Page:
Saturday, August 3, 2013


We just turned the classic (72 convertible) over to the valet parker.  We're walking toward the water (and hence, a cold adult beverage and a burger!) when we pass by a couple with their three kids.  In my usual shy and retiring manner, I say hello.  The mom says to me, "Don't mind them, they're a little crazy."  She was referring to her children.  "Okay," says I.  "They'll fit right in!"  She quips, "Do you want to take them home?"  Whereupon the 16 year old (I know because he informed me he was 16) says to  her, and I quote, "I'm not going anywhere with that old grandpa!"   Can't say that I blame him, but I was somewhat surprised that his parents didn't suggest that it was an inappropriate thing to say.  In the ensuing commentary, it because quite clear that the child had special needs.  His chronological age and maturity level were not in sync.  We walked on.  The burger was good.  The beer was cold.  The company was, as always when we are together. witty, charming, and clever.  (At least we think so!)  But in the back of my little pea brain, there was this niggling presence.  It wasn't because he was spot on the age thing.  It wasn't because he really didn't know not to say what he said.  It was a hope...a hope that when we were gone, the parental units made use of a teachable moment.  My guess is, he has endured his share of snide and/or deprecatory comments.  And it has been my experience in the classroom that those comments most frequently come from people who have extremely poor self-image.  The concept?  I will feel better about myself if I put someone else down.  And I have discovered they are self-engendering.  When done to us, we tend to "do them" to someone else.  Do unto others before they can do unto us.  And then I realized the young man had become, like so many of the people I meet, my teacher!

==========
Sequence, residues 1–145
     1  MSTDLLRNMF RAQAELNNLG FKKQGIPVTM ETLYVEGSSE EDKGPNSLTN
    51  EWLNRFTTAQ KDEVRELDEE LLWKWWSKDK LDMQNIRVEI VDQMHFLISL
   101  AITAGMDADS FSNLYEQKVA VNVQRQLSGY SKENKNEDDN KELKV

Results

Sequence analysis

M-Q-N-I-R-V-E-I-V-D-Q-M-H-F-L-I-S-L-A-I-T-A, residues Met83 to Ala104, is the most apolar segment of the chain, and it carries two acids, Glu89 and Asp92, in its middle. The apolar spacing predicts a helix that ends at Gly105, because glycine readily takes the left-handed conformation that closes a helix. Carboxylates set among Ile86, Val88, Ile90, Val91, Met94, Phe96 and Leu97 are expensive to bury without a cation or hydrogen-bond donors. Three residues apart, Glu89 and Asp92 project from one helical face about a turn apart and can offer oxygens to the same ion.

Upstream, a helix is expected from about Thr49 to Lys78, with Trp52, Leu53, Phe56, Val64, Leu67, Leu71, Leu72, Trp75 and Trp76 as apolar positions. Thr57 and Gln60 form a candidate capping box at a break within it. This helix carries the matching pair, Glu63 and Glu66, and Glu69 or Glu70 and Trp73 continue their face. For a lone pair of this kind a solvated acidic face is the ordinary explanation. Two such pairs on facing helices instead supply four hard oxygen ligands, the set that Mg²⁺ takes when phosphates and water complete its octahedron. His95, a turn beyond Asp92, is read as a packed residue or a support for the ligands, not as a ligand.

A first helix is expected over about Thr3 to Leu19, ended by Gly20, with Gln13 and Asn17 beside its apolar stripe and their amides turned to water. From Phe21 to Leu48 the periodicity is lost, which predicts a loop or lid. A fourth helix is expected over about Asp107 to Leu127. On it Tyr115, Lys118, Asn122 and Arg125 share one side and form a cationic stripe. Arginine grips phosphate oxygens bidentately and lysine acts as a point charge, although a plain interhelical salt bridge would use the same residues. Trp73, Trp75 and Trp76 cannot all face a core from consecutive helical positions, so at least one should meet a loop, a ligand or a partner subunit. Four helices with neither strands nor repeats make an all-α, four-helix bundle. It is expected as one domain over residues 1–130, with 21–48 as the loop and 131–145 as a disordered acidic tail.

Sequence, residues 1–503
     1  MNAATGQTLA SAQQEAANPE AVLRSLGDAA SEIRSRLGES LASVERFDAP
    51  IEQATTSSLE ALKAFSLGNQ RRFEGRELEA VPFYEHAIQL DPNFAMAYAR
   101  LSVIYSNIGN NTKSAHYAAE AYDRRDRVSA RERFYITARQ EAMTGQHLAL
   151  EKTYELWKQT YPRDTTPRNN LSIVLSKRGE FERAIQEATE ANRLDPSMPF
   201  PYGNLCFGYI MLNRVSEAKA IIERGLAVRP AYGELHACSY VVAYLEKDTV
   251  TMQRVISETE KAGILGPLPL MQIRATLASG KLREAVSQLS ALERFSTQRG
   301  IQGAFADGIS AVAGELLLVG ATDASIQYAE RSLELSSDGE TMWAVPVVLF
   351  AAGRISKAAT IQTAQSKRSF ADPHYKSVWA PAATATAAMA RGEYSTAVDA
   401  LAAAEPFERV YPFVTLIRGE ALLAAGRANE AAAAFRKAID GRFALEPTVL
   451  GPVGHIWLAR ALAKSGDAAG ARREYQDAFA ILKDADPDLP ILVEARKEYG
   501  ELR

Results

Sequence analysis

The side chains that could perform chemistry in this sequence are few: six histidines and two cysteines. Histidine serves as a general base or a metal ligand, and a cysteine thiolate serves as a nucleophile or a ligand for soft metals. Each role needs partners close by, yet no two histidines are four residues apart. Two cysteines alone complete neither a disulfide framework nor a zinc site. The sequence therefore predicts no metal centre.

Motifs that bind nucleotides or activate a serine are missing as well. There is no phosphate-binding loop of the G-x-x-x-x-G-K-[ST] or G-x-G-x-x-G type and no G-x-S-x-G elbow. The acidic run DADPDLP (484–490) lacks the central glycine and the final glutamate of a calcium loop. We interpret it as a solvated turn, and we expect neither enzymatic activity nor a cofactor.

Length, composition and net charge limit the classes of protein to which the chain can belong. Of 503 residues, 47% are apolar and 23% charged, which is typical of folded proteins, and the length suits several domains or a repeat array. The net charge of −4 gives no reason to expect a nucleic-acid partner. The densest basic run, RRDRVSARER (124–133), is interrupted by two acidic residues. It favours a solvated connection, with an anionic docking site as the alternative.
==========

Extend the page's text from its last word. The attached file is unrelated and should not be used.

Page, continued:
These are the truths he "reviewed".  1)  Always remember, polite is polite regardless of the situation.  Everyone deserves respect immediately.  It is not a quantity to be earned, but something that can be lost.  2)  Every encounter can provide a method to improve, or at least re-establish the tenets of our survival.  3)  sometimes, the ugliest of truths can set you free.  I am way old enough to be a grandpa.  And as such, I can get by with so much more thanks to people explaining my behavior as age-related!  Behind every cloud there is a silver lining!  Sometimes, you just need to get the silver polish out to enjoy it!  Thanks, you 16 year old teacher, for giving me my lesson!   You obviously had it "Wright!" (and just to prove the "witty, charming, and clever" comment above, that would be the name of the silver polish in our cupboard!)  Quit groaning and know you are loved!

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